Journal Article

Genetic variants in the vitamin D pathway and breast cancer disease-free survival

Mala Pande, Patricia A. Thompson, Kim-Anh Do, Aysegul A. Sahin, Christopher I. Amos, Marsha L. Frazier, Melissa L. Bondy and Abenaa M. Brewster

in Carcinogenesis

Volume 34, issue 3, pages 587-594
Published in print March 2013 | ISSN: 0143-3334
Published online November 2012 | e-ISSN: 1460-2180 | DOI: http://dx.doi.org/10.1093/carcin/bgs369
Genetic variants in the vitamin D pathway and breast cancer disease-free survival

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Epidemiological studies have investigated the association between vitamin D pathway genes and breast cancer risk; however, little is known about the association between vitamin D pathway genes and breast cancer prognosis. In a retrospective cohort of 1029 patients with early-stage breast cancer, we analyzed the association between 106 tagging single nucleotide polymorphisms (SNPs) in eight vitamin D pathway genes and breast cancer disease-free survival (DFS) using Cox regression analysis adjusted for known prognostic variables. Using a false discovery rate of 10%, six intronic SNPs were significantly associated with poorer DFS: retinoid-X receptor alpha (RXRA) SNPs (rs881658, rs11185659, rs10881583, rs881657 and rs7864987) and plasminogen activator and urokinase receptor (PLAUR) SNP (rs4251864). Treatment received (no systemic therapy, hormone therapy alone or chemotherapy) was an effect modifier of the RXRA SNPs association with DFS (P < 0.05); therefore, we stratified further analysis by treatment group. Among patients who did not receive systemic therapy, RXRA SNP [rs10881583 (P = 0.02)] was associated with poorer DFS, and among patients who received chemotherapy, RXRA SNPs (rs881658, rs11185659, rs10881583, rs881657 and rs7864987) were associated with poorer DFS (P < 0.001 for all SNPs). However, RXRA SNPs: rs10881583 (P < 0.001) and rs881657 (P = 0.02) were associated with improved DFS in patients treated with hormone therapy alone. Our results suggest that SNPs in the RXRA and PLAUR genes in the vitamin D pathway may contribute to breast cancer DFS. In particular, SNPs in RXRA may predict for poorer or improved DFS in patients, according to type of systemic treatment received. If validated, these markers could be used for risk stratification of breast cancer patients.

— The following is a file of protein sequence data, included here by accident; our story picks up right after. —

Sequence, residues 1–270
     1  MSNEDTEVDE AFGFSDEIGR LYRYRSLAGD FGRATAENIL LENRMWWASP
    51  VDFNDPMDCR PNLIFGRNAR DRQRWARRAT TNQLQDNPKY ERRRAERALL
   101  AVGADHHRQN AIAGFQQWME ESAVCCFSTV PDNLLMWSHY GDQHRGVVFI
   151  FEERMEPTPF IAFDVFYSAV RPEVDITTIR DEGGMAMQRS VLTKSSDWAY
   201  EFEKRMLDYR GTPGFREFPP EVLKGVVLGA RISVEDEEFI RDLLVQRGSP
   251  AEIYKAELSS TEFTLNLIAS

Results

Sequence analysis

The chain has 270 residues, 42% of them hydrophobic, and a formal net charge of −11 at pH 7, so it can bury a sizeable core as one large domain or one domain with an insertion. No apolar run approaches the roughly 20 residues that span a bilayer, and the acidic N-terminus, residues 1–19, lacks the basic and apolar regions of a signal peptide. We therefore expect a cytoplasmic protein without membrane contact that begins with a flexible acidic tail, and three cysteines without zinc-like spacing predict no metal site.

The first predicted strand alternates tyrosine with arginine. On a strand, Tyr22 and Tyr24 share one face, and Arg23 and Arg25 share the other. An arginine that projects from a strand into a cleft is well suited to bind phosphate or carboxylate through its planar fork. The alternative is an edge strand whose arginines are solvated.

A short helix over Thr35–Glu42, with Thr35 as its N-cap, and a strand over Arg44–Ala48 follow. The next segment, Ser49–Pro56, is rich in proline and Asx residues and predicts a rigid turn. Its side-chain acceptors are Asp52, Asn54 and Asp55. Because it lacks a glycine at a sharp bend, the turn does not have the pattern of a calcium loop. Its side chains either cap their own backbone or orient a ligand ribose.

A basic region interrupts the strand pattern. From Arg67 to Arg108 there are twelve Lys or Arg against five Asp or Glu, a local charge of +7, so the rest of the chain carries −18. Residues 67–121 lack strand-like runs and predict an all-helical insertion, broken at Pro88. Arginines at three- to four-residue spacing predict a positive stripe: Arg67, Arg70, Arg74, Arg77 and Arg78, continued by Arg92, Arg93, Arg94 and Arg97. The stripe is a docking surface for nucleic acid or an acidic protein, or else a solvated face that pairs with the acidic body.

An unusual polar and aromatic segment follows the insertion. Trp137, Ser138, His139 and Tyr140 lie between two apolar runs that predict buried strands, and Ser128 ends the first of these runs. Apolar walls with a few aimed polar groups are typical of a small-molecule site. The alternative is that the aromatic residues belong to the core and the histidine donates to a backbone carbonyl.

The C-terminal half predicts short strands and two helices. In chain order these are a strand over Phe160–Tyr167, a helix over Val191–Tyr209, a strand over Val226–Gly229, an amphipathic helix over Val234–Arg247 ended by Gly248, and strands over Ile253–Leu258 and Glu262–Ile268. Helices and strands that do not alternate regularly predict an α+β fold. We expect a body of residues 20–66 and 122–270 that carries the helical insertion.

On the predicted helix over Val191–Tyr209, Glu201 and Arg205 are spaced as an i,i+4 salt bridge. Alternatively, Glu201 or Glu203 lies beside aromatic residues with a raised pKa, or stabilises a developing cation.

Journal Article.  5630 words.  Illustrated.

Subjects: Clinical Cytogenetics and Molecular Genetics

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